Results tagged “css”

Nerd Humor

By Michael Mulvey on February 24, 2015 5:06 PM

via Design Synopsis

A Blue Box

By Michael Mulvey on December 1, 2013 11:12 AM


A little meme went around CodePen the other night. A Blue Box. I'm not sure how it started, but lots of people started posting code of different ways to draw a blue box. It's weird, it's funny, but it's also rather amazing there is as many ways as there are for doing something so simple.

This is a great example of how to train you to think different.

To think outside the [blue] box, if you will.

If lateral thinking is your bag, I recommend reading Edward de Bono.

Webkit to the Rescue

By Bryan Larrick on March 25, 2013 11:18 AM

I was a late-comer to Mountain Lion, for no reasons worth going into here. But the transition the last couple months has been rocky here and there. I'm not much of a fan of the half-baked in-between state Mountain Lion occupies between iOS and earlier OSX iterations like Snow Leopard. I've spent a lot of time tweaking things here and there to get them either back to the way I like them, or to activate features I think Apple missed. One of these is involves the web inspector for Safari 6.

I'm a web developer, and it's crucial for my job that browsers have a way to inspect a web page, showing me the DOM tree, all elements and attributes, inheritance, etc. One of the most important things for me, since I focus on front-end UI, is how CSS is being called. Back in Safari 5, this was easy in the web inspector. When inspecting elements on a page, any styles applied to an html tag would show in a details window, along with styles inherited from parent elements. Also present would be the file name and line number where the style lived. It was easy to find the exact style that was affecting an element.

For whatever reason, in Safari 6, the web inspector was changed. It still shows which styles are being computed, but it doesn't show where they came from. You have to click back through the DOM tree until you find the element with the associated style. This adds a lot of time to testing a webpage, especially if you're diving into someone else's work. See below:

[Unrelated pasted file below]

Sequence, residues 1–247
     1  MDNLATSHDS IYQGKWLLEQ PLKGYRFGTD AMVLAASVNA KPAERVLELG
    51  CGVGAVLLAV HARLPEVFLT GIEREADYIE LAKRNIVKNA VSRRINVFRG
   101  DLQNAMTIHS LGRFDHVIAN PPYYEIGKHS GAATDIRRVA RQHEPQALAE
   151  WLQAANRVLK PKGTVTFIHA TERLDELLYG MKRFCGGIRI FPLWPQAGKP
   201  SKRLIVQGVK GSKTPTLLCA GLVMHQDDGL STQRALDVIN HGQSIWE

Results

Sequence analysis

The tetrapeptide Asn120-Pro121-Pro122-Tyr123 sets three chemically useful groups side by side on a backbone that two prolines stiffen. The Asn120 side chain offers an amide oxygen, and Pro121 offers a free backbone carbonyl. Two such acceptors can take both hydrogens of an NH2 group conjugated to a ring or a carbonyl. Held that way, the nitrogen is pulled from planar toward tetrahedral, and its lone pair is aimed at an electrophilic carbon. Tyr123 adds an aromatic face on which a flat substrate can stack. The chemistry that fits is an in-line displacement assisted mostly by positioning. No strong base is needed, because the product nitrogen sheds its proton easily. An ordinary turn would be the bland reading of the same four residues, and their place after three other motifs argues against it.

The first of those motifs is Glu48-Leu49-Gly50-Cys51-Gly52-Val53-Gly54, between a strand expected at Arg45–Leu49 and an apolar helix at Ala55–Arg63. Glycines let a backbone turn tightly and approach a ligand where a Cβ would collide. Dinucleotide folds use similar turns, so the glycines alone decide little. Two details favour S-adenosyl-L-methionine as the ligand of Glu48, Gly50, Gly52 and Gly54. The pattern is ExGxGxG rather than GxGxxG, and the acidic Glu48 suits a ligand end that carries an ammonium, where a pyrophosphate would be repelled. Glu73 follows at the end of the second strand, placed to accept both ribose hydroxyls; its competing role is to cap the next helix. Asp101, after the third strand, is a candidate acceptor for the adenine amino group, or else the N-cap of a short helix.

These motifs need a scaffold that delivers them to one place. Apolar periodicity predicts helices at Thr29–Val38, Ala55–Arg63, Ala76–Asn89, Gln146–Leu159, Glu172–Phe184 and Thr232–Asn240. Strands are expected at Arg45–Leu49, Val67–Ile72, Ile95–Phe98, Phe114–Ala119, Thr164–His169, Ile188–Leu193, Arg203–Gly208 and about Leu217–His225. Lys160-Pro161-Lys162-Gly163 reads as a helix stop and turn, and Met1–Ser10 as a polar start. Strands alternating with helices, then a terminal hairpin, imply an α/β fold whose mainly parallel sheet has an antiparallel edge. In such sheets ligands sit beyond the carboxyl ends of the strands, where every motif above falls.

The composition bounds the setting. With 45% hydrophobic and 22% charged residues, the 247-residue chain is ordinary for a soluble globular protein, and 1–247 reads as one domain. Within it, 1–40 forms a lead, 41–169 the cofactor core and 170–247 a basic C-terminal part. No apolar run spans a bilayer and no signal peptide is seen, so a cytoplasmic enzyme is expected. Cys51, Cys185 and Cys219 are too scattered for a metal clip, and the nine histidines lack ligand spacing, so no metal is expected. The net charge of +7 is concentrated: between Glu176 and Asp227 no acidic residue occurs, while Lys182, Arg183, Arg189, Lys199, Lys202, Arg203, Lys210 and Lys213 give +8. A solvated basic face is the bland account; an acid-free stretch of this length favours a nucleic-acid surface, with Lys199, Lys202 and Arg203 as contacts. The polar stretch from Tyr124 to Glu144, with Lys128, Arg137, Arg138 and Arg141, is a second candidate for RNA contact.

In the above image, I selected a div that gets just about all of its styles from parent elements, but while I can tell which styles are being computed, I can't tell where they are. For example, I know what font-family is being applied to the div, but where is it coming from? This has been a source of frustration for me ever since I updated to Mountain Lion and have tested pages in Safari. Thankfully, WebKit has come to the rescue.

The WebKit Open Source Project is still using a web inspector with CSS details similar to that found in Safari 5. See below:


This is an image of the web inspector in the latest build of WebKit. I have the exact same div selected as in the previous screenshot, only in this one, I can see which styles are being applied from parent elements, and where they live in their corresponding CSS files. This is going to make testing styles in Safari a lot easier for me.

-Webkit Winning

By Bryan Larrick on February 13, 2012 11:11 AM

Scott Gilbertson, over at webmonkey, has an interesting piece on developers preferring the -webkit prefix in their CSS, and how this could be bad for the web. the CSS Working Group meeting, Microsoft, Mozilla and Opera announced that each are planning to add support for some -webkit prefixed CSS properties. In other words, because web developers are using only the -webkit prefix, other browsers must either add support for -webkit or risk being seen as less capable browsers even when they aren't.

via webmonkey

TCC - Operational Instructions

By Michael Mulvey on December 5, 2006 2:51 PM

Coming soon to TCC - Operational Instructions: step-by-step tutorials on Flash Actionscripting, XML, HTML & CSS.

Stay tuned.

Clearing floats, margins and other Windows IE delights

By Michael Mulvey on October 9, 2006 10:54 AM

I probably should have known about this bug a long time ago, but apparently Windows IE (I've only tested v6) likes to double your margins on floating DIVs. What's the solution? A tiny-ass, stupid line of code:

 display: inline;

Other CSS tips:
How To Clear Floats Without Structural Markup - now this one I have known about for a while and its very handy.

What I like to do when I'm testing out my CSS is to turn on borders all all DIVs in my document. Many times it takes the guessing out of why your page is behaving like it is:

div {
 border: 1px #333 solid;

and if by some chance you're old school and having table issues, you can do the same:

table td {
 border: 1px #333 solid;

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